Rome begins planning for Irish visitation
PREPARATIONS FOR the forthcoming Apostolic Visitation to Ireland begin in earnest this week in the Holy See.
The visitation, a highly unusual step when applied to almost an entire local church, was announced by Pope Benedict XVI in his letter to the Irish faithful last March.
It is to "assist the local church on her path of renewal" following publication of reports outlining the scale of clerical sex abuse in Ireland.
Given that the visitation will begin in the four metropolitan archdioceses of Ireland (Armagh, Dublin, Cashel and Emly, and Tuam), the bishops of those same archdioceses - Cardinal Seán Brady, Archbishop Diarmuid Martin, Archbishop Dermot Clifford and Archbishop Michael Neary - will be in Rome this week to help with the planning.
Various Vatican departments including the Secretariat of State, the Congregation for the Clergy, the Congregation for Catholic Education, the Congregation for Institutes of Consecrated Life and the Congregation for the Doctrine of the Faith are expected to be involved in the planning of the visitation which will be co-ordinated by the Congregation of Bishops.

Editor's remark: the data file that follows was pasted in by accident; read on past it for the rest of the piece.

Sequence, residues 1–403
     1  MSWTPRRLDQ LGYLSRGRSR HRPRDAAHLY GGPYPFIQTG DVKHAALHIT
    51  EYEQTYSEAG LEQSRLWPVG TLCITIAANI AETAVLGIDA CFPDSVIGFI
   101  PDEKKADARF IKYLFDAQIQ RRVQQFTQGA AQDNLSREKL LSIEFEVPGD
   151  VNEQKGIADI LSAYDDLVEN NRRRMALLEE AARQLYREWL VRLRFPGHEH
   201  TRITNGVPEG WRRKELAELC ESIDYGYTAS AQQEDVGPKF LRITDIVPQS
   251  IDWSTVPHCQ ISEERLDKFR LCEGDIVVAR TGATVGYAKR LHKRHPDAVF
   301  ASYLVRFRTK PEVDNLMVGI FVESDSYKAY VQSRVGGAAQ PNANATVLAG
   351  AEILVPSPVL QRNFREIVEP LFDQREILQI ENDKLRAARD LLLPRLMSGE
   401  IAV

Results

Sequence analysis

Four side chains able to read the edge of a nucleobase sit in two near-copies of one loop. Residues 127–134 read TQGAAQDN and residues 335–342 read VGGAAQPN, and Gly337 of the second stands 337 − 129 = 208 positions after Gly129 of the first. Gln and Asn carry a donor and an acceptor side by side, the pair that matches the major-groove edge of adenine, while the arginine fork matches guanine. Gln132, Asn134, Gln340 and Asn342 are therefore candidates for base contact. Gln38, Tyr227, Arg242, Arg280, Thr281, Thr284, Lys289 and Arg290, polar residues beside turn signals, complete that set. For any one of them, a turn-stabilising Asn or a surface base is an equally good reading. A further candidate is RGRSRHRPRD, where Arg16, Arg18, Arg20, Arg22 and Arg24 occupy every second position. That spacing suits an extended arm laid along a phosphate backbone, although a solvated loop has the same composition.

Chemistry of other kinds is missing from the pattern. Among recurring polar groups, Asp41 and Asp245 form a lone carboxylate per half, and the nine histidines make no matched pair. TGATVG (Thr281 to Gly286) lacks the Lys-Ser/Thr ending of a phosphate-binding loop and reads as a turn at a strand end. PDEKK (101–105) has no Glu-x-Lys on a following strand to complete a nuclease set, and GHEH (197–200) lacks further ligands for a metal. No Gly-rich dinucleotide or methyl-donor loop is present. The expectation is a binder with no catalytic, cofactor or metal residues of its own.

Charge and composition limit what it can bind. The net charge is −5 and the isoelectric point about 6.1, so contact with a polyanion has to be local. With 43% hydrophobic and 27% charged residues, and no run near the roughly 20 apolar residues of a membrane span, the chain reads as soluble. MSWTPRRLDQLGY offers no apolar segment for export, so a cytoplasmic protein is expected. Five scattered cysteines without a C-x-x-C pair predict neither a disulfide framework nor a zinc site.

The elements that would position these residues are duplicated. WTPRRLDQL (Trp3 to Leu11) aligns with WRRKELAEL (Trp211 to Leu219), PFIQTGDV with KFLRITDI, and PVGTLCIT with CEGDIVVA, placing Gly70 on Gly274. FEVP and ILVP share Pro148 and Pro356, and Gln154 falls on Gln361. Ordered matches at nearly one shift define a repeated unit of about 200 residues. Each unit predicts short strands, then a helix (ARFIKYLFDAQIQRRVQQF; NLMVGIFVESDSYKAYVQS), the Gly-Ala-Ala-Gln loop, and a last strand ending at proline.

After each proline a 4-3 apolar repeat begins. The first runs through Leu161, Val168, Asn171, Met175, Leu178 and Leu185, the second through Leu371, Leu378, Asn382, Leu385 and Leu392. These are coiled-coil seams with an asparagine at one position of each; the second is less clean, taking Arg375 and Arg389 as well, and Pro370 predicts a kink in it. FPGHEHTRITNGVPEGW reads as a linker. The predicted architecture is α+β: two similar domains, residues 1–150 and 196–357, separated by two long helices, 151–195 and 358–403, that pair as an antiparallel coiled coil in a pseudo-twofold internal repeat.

In a three-way process, the Vatican Curia will most likely meet separately with the visitors and the Irish bishops, while the visitors may well take the opportunity to meet with the bishops to whose diocese they have been assigned.
While the visitation has obviously been prompted by the Irish Catholic Church's child sex abuse crisis, especially in the light of the revelations of last year's Ryan and Murphy reports, Vatican commentators suggest it would be reductive to see the visitation as concerned only with the sex abuse issue.
In a broader sense, the visitation is intended to "offer assistance" to the Irish bishops as they set about a process of "desired spiritual and moral renewal" in the wake of the profound damage inflicted by the sex abuse scandals not only on the victims but also on ordinary Irish Catholics.
The offers of "assistance" may take many different forms but what is clear is that while the visitors will be expected to ask many awkward and embarrassing questions of their fellow bishops, they will also be called on to do a lot of listening.
To a certain extent, the visitation is equivalent to HQ at a multi-national sending a taskforce delegation of trouble shooters to check out what went wrong at the local branch.
Inevitably, the visitation will be closely monitored as commentators assess just how far Pope Benedict wants to push what one commentator calls "the process of renewal and concrete clean-up".
In Vatican terms, too, the visitation represents the first major test of the new Prefect of the Congregation of Bishops, Canadian Cardinal Marc Ouellet, a man already being tipped as a possible successor to Benedict.